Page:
I, along with several other Cumberland faculty, had the privilege of receiving a university summer research grant. My grant proposal outlined a plan to look at Andrew Jackson’s slave communities in Tennessee and Mississippi, particularly post-presidency. This research plan was intended to help me complete a biography, due next summer, that examines Jackson’s southern identity.

I was able to spend several days at the Hermitage and the Tennessee State Library and Archives (TSLA). Marsha Mullin at the Hermitage was especially helpful in showing me the slave files held there and a genealogical database that contains data for every identifiable slave who worked at the Hermitage. Anyone who has worked on Jackson-related material knows how invaluable Marsha is when it comes to questions about Jackson’s family, slave community, and anything pertaining to the Hermitage.

At TSLA, I was able to look at the Jackson papers, in particular his correspondence with several individuals:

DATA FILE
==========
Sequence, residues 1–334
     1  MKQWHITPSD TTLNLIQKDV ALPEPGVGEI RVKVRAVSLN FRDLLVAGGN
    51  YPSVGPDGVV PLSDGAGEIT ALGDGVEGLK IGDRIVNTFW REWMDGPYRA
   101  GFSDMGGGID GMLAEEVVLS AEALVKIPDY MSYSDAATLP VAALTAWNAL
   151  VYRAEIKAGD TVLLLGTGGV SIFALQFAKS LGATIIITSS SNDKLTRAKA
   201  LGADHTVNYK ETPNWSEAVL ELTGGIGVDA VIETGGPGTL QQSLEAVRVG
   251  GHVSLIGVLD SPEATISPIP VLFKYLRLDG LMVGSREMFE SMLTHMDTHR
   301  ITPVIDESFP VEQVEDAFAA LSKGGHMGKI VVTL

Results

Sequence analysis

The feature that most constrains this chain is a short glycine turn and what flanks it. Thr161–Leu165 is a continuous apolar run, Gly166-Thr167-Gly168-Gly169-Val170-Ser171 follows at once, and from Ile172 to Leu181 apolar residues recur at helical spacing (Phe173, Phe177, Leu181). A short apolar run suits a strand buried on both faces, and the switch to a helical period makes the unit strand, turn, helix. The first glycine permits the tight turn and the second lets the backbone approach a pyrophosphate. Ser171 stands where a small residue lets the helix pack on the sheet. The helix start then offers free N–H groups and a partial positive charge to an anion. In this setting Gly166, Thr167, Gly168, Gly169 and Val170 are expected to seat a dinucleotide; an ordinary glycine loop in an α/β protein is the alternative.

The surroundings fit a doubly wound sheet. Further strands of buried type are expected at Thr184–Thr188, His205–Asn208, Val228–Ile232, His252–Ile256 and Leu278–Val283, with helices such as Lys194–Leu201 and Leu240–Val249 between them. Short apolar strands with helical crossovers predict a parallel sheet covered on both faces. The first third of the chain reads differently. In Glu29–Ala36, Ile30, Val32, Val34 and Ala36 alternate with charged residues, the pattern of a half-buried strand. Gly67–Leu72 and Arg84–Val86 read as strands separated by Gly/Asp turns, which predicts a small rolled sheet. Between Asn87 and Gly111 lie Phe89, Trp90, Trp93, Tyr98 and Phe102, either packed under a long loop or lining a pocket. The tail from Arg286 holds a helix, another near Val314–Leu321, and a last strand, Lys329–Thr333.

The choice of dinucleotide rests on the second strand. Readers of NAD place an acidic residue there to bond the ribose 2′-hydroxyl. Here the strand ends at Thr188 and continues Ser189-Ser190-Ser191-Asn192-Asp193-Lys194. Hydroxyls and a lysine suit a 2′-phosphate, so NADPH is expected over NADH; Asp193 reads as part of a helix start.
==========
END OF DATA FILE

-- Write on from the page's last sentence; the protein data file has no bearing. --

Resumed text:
Andrew Jackson, Jr.–The nephew that the Jacksons claimed as their adopted son.
Sarah Yorke Jackson–Junior’s wife.
Maunsel White–Jackson’s cotton factor in New Orleans.
William B. Lewis–Jackson’s one-time presidential advisor and fellow Tennessean.
Charles J. Love–Jackson’s neighbor.
Francis P. Blair–Jackson’s presidential advisor and friend.
Overseers–A number of Jackson’s overseers at the Hermitage and the Halcyon plantation, located in Coahoma County, Mississippi, and co-owned by Jackson and Junior.

My goal was to use these six relatives and friends, as well as the overseers, to ascertain what was going on at the Hermitage and Halcyon plantations, particularly with the slave community, from 1831-1845. There have been small nuggets of information that I’ve uncovered that I don’t think have been addressed before by historians. I’m still processing the research and reconciling it with what I already knew; the final product hopefully will make it into the completed biography. If not, I have ideas for a couple of books that will dovetail nicely with this slave research.

I also used part of the grant to write chapters for the book manuscript. I was able to finish a chapter that I started in the late spring, as well as write two other chapters. My plan was to make it through the 1828 presidential election, but I was only able to get to Jackson’s retirement from the post of Florida’s territorial governor. Still, it was a productive summer.

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